Tuesday, July 22, 2008

Why Dogs

This is one of those email forwards that we all receive... we read 'em, laugh or cry and pass them on. It was shared with me when I lost my dog a year ago and I've kept this one because it's great to have to share with friends when they loose a pet. So here's to Lucy...

Being a veterinarian, I had been called to examine a ten-year-old Irish
Wolfhound named Belker. The dog's owners, Ron, his wife Lisa, and their
little boy, Shane, were all very much attached to Belker and they were
hoping for a miracle. I examined Belker and found he was dying of cancer. I
told the family there were no miracles left for Belker, and offered to
perform the euthanasia procedure for the old dog in their home. As we made
arrangements, Ron and Lisa told me they thought it would be good for the
four-year-old Shane to observe the procedure. They felt as though Shane
might learn something from the experience.

The next day, I felt the familiar catch in my throat as Belker's family
surrounded him. Shane seemed so calm, petting the old dog for the last
time, that I wondered if he understood what was going on. Within a few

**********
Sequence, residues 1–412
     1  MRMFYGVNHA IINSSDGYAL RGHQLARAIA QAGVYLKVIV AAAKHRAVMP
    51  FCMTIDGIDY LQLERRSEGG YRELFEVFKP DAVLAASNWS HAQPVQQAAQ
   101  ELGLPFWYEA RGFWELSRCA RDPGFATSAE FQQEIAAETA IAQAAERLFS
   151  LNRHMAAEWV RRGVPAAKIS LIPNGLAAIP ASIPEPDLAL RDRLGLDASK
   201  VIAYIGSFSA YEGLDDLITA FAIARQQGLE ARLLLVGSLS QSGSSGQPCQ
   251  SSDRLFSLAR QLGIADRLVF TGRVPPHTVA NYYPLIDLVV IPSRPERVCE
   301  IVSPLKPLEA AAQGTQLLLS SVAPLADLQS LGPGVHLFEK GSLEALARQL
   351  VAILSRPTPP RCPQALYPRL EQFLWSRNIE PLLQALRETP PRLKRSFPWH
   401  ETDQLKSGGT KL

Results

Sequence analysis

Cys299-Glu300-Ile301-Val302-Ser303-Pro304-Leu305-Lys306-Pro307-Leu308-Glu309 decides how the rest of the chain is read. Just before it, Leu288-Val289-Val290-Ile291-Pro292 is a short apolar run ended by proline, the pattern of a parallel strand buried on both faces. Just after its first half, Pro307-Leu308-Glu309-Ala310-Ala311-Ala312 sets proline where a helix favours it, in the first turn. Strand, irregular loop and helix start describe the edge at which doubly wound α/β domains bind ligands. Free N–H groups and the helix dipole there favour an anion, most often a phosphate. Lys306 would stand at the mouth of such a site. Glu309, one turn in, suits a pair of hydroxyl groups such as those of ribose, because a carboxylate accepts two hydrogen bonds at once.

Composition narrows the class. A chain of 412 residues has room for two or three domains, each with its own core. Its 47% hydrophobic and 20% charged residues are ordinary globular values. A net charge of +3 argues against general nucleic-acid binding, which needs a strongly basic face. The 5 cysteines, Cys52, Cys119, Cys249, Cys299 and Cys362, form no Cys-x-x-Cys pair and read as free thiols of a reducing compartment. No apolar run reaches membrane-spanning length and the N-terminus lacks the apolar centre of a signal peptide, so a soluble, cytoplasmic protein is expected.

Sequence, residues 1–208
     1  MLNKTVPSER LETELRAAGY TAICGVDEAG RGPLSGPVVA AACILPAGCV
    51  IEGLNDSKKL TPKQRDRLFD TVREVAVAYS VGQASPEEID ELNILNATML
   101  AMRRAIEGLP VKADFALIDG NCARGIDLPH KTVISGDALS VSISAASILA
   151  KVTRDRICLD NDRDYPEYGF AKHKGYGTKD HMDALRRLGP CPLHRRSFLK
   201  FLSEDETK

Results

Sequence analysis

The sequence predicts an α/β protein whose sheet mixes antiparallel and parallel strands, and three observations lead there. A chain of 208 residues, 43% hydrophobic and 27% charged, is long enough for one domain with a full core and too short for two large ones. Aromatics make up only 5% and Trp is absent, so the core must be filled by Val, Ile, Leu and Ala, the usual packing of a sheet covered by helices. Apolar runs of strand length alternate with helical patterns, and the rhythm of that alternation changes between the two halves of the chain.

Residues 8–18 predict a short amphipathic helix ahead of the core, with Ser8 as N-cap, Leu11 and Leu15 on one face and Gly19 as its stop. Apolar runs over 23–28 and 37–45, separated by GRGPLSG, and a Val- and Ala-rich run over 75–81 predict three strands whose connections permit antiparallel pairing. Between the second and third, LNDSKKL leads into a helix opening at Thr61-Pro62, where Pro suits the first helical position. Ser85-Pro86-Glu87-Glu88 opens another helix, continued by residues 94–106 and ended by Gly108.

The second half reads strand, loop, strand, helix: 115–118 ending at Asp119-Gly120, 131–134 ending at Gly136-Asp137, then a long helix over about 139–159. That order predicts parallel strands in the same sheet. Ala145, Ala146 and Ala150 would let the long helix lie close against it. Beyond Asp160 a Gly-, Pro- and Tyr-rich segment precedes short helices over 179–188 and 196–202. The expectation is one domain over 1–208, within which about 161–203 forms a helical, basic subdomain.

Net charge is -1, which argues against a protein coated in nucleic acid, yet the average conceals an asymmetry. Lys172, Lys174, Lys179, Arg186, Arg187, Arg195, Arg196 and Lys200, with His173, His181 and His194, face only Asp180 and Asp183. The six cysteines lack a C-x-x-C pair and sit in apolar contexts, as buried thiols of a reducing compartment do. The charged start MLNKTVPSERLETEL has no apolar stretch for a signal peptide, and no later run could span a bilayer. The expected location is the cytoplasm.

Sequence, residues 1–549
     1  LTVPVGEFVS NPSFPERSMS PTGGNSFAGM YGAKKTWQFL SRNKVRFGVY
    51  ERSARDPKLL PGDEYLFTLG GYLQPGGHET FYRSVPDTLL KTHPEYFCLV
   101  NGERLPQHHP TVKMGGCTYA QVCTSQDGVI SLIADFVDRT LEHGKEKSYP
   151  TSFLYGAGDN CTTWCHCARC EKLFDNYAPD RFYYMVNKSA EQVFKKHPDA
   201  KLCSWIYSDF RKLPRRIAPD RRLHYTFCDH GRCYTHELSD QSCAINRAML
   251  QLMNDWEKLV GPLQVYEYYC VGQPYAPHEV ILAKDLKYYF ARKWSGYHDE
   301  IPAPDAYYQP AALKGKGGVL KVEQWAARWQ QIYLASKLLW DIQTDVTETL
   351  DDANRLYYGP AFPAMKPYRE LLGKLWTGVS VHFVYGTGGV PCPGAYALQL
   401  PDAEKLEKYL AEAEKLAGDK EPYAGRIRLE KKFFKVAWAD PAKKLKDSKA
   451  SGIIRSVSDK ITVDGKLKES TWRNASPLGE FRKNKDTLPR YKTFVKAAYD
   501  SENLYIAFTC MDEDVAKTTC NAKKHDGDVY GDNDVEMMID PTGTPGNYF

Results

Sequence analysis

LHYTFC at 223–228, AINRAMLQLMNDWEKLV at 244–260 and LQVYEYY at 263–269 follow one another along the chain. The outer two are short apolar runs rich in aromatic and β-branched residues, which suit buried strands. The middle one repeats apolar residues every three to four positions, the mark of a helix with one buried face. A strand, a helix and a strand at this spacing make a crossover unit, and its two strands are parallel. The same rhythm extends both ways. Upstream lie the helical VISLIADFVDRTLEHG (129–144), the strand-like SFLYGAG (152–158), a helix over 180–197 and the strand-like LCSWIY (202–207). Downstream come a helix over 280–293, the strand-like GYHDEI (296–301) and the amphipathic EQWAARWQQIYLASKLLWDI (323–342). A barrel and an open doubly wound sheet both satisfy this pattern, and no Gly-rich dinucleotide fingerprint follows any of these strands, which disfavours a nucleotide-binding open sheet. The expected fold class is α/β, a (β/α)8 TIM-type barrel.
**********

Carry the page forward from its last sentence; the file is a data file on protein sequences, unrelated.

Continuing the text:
minutes, Belker slipped peacefully away. The little boy seemed to accept
Belker's transition without any difficulty or confusion.

We sat together for a while after Belker's death, wondering aloud about the
sad fact that animal lives are shorter than human lives.

Shane, who had been listening quietly, piped up, "I know why."

Startled, we all turned to him. What came out of his mouth next stunned
everyone. I'd never heard a more comforting explanation. He said, "People
are born so that they can learn how to live a good life -- like loving
everybody all the time and being nice, right?" The four-year-old continued,
"Well, dogs already know how to do that, so they don't have to stay as

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